Tired of dodging the persistent longhorn beetle, I finally let it land so it could verify that I was not a tree. Recovering from a week of crippling lower back pain, I was celebrating my personal Independence Day a day late, but the forest still had claims on me. I remembered the Sunday before, how my back had gone out just as I was sitting down, and the flies had landed on me just the same. We are little more than large and awkward guests in a world of insects, I sometimes think. If only we all had exoskeletons instead of these troublesome, tree-like spines!
This is how the recovery happened: I had laid down Saturday afternoon and unexpectedly fell into a deep sleep, though I had gotten plenty of sleep the night before. I dreamed I was inching across one of the high barn beams despite my bad back, a burning cigarette dangling from my lips. My father came into the barn, spotted me in the rafters, and said, “So that’s what you meant by a spiritual retreat!” When I woke up, the pain was already beginning to recede.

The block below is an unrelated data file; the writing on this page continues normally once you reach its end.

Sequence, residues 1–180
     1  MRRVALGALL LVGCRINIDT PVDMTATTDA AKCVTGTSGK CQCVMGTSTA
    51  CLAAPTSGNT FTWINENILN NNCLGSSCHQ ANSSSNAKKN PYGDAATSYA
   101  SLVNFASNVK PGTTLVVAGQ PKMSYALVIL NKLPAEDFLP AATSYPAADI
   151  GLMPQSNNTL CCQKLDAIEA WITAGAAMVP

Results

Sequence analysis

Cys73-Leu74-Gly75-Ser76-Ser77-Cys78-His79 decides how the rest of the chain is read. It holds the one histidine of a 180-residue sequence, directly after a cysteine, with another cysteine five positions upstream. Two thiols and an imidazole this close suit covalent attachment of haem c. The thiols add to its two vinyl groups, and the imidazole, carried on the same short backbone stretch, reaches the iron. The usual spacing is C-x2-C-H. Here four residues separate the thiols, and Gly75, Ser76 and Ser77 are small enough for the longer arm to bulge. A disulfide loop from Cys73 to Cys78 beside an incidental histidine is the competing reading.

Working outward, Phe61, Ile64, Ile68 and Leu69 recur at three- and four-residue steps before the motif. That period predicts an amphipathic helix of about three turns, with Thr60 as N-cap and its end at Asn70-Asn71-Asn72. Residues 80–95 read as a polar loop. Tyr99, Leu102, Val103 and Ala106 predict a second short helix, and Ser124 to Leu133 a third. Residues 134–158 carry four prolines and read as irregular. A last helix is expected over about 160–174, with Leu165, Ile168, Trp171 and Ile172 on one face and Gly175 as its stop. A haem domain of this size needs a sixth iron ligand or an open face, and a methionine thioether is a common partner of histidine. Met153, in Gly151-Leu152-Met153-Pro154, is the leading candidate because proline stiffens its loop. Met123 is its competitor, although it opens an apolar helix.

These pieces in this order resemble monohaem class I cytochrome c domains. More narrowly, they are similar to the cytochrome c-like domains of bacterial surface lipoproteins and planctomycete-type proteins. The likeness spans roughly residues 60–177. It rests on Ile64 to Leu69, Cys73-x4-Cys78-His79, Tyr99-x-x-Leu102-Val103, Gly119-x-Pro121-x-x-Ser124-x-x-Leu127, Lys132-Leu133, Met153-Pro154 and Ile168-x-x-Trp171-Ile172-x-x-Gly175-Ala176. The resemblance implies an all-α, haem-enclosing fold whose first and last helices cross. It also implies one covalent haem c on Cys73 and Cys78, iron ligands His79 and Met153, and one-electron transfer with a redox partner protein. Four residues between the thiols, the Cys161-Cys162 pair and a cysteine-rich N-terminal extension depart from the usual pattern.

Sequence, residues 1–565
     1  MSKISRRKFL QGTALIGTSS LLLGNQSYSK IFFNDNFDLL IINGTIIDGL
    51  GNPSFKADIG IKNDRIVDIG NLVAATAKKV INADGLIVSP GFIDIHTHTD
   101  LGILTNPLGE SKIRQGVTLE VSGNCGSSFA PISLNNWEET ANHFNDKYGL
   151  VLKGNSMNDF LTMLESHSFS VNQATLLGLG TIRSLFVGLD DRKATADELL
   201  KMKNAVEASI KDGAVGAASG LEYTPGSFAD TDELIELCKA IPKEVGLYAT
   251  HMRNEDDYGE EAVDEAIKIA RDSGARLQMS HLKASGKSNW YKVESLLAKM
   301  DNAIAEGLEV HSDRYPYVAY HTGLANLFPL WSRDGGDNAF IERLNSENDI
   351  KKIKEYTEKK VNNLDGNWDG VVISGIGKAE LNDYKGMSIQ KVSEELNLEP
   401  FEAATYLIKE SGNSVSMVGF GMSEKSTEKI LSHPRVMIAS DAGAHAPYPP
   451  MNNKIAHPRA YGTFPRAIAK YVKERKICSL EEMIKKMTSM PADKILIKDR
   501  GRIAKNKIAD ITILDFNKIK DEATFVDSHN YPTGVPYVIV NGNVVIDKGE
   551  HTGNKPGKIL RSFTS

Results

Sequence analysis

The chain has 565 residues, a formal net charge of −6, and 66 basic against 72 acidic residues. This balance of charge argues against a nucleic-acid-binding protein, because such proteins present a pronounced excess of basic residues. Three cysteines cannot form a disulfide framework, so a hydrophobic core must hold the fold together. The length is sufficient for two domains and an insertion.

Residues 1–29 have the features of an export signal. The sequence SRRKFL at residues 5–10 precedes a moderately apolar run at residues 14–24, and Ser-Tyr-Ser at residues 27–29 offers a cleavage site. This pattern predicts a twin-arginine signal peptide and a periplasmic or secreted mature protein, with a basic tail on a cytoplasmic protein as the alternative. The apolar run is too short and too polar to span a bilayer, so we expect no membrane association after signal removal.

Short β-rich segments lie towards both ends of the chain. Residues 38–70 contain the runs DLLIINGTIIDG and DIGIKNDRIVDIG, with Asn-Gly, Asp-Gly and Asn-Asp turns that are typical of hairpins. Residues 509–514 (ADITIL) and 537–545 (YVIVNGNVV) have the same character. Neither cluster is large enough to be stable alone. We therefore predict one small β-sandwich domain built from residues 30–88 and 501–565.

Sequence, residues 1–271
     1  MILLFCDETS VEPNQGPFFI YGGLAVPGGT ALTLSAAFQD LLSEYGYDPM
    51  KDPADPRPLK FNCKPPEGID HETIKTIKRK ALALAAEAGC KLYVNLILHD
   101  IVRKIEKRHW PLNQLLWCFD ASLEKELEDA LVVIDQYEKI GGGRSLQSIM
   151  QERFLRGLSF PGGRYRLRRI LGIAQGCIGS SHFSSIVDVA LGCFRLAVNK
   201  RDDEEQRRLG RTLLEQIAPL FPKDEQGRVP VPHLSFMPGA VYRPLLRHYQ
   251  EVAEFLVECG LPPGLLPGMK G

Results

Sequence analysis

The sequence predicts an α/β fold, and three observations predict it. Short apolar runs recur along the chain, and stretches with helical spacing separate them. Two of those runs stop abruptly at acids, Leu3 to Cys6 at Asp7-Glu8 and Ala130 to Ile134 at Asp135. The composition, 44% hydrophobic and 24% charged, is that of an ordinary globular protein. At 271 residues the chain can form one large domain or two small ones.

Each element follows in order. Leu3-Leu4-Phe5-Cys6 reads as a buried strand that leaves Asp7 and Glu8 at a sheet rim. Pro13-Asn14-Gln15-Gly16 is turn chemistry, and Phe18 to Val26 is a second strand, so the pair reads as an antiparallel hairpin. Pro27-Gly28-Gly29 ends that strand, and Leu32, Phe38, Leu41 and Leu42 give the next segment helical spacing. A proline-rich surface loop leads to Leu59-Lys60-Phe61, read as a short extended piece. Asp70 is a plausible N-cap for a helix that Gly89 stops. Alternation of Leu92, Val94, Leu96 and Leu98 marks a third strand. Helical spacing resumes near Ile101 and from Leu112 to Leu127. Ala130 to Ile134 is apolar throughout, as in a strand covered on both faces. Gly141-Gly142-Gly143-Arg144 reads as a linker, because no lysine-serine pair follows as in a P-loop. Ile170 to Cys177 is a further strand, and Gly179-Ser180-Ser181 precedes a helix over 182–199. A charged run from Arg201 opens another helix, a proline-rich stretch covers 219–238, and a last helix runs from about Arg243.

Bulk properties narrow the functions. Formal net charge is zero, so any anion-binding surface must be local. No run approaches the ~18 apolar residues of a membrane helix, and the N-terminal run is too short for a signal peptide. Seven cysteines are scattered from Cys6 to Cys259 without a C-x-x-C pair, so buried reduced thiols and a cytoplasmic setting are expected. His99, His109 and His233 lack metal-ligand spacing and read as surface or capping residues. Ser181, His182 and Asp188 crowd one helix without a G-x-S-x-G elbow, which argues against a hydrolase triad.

Fourth of July:
fireflies flash, fireworks boom,
the moon turns to fuzz.
Dave Bonta (bio) crowd-sources his problems by following his gut, which he shares with 100 trillion of his closest microbial friends — a close-knit, symbiotic community comprising several thousand species of bacteria, fungi, and protozoa. In a similarly collaborative fashion, all of Dave’s writing is available for reuse and creative remix under a Creative Commons Attribution-ShareAlike 3.0 United States License. For attribution in printed material, his name (Dave Bonta) will suffice, but for web use, please link back to the original. Contact him for permission to waive the “share alike” provision (e.g. for use in a conventionally copyrighted work).